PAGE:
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Embattled Uber CEO Travis Kalanick To Take A Leave Of Absence From Company


Travis Cordell Kalanick, an American computer programmer and businessman, is the co-founder of the peer-to-peer file sharing company Red Swoosh and the transportation network company Uber.

Kalanick has come under major fire over the last couple of years, so much so that he has stepped down from his position of CEO of Uber.

However, even if Kalanick were to never work for Uber for another day in his life, he’d still be just fine, given the truly insane amount of money he amassed from starting the company.

But how much is Travis Kalanick worth, exactly? We take a look at Kalanick’s history, investments, and businesses to determine his current net worth.

Travis Kalanick Net Worth as of 2017: How Much Is Uber CEO Worth Right Now?

Travis Kalanick’s estimated net worth is at about $6.3 billion.

via Forbes:

While other startups compares themselves to Uber, Travis Kalanick is thinking about what’s next: from people to freight, if something is in motion, he wants to be at the center of it. Kalanick has already driven his taxi-killing startup from nothing to a valuation of $68 billion in just seven years. In June 2016 the company raised a massive $5.5 billion financing round that included a large investment from Saudi Arabia’s sovereign wealth fund. But despite investing those billions around the world, Uber can’t win everywhere. In July 2016, it admitted defeat in China, striking a deal that gives it 20% of rival Didi Chuxing in exchange for leaving the country. Kalanick started his first business, an online file-exchange service called Scour, with some UCLA classmates. He dropped out of UCLA in 1998 to work at the startup full time. It was later sued by the Motion Picture Association of America and the Recording Industry Association of America before filing for bankruptcy in 2000. His second company, another file-sharing company called RedSwoosh, was sold to Akamai in an all-stock deal valued at $18.7 million in 2007.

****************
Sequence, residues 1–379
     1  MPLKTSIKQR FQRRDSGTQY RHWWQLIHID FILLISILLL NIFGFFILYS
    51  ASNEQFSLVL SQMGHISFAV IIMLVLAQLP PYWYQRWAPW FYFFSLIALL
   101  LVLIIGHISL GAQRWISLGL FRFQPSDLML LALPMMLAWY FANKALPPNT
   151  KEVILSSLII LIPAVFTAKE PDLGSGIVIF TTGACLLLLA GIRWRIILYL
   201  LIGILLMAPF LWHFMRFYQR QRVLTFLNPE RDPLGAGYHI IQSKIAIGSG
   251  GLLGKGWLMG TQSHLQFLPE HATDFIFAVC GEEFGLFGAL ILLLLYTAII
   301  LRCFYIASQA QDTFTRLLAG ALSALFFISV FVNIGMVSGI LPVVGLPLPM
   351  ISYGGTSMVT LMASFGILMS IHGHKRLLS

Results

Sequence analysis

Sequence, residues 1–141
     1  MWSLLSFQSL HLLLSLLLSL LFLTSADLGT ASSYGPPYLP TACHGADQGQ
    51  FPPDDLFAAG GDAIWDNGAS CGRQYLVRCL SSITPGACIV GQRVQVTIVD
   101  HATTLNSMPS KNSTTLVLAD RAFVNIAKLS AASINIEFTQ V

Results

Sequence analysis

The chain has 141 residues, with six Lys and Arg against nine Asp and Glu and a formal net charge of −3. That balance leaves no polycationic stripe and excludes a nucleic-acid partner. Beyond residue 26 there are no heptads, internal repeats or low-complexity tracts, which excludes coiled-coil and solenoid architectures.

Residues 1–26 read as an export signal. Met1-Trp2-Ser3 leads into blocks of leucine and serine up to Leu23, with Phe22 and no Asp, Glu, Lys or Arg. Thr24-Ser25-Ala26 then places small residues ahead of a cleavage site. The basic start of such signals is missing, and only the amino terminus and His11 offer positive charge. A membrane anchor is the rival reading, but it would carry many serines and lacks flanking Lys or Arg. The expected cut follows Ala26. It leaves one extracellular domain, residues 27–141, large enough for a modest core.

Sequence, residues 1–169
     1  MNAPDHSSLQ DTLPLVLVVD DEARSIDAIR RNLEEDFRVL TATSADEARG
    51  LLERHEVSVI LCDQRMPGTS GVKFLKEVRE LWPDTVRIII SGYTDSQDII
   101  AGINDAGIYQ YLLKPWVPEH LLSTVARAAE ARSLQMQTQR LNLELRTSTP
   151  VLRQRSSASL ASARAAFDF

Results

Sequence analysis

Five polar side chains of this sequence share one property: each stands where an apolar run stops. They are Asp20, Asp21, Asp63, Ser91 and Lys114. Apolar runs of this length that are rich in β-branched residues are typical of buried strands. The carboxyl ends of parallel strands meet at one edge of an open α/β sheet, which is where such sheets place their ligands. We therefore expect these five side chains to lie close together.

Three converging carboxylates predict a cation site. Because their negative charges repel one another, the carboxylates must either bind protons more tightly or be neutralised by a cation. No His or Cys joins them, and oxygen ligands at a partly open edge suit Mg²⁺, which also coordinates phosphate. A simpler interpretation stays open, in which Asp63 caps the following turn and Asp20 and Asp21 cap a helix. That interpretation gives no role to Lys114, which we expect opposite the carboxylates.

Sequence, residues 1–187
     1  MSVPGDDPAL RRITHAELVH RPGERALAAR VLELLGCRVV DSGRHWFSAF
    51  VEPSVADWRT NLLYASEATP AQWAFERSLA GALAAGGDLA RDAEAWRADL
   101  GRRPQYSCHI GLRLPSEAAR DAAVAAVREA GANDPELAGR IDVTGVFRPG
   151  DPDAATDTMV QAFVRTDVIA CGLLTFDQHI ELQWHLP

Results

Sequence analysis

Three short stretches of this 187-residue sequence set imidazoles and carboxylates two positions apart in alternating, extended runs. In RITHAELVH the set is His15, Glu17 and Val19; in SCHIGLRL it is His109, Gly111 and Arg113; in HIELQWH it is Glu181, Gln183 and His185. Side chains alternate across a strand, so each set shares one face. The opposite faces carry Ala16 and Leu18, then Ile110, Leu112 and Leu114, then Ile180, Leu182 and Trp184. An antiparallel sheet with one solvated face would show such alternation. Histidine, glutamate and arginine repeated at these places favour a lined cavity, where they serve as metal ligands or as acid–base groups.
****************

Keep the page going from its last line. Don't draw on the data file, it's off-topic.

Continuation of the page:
In 1998, Travis Kalanick, along with Michael Todd and Vince Busam, dropped out of UCLA to help Dan Rodrigues found Scour Inc., a multimedia search engine, and Scour Exchange, a peer-to-peer file sharing service.

In the year 2000, the Motion Picture Association of America, the Recording Industry Association of America, and the National Music Publishers Association brought a $250 billion lawsuit against Scour, alleging copyright infringement. In September 2000, Scour filed for bankruptcy to protect itself from the pending lawsuit.


In 2001, Kalanick started a new company called Red Swoosh, another peer-to-peer file-sharing company with Michael Todd. Red Swoosh software took advantage of increased bandwidth efficiency on the Internet to allow users to transfer and trade large media files, including music files and videos.

In 2007, Akamai Technologies acquired the company for $19 million.


In 2009, Kalanick joined Garrett Camp, who Kalanick gives “full credit for the idea” of Uber, a mobile app that connects passengers with drivers of vehicles for hire and ridesharing services.

Camp, the cofounder of StumbleUpon, spent $800 hiring a private driver with friends and had been mulling over ways to decrease the cost of black car services (meaning, taxis that are dispatched by a central service rather than hailed directly on the street) ever since.

The first prototype was built by Camp, and his friends, Oscar Salazar and Conrad Whelan, with Kalanick being brought on as a “mega advisor” to the company. In December 2010, Kalanick succeeded Ryan Graves as CEO,  who had held the position for ten months.


(Photo by Pascal Le Segretain/Getty Images)

Over the last couple of years, Kalanick has faced a multitude of controversies.

In 2017, it was reported that Kalanick had knowledge of sexual harassment allegations at Uber and did nothing. In the same week, he asked his direct report,  Uber’s SVP of Engineering Amit Singhal, to resign after a month for failing to disclose a sexual harassment claim during Singhal’s 15 years as VP of Google Search.

In February 2017, a video was released where Kalanick was shimmying between two women in an UberBLACK, before arguing with an Uber driver during a heated debate.

In March 2017, Uber VP of Business, Emil Michael contacted Kalanick’s ex-girlfriend in an attempt to silence her into hiding a HR complaint.

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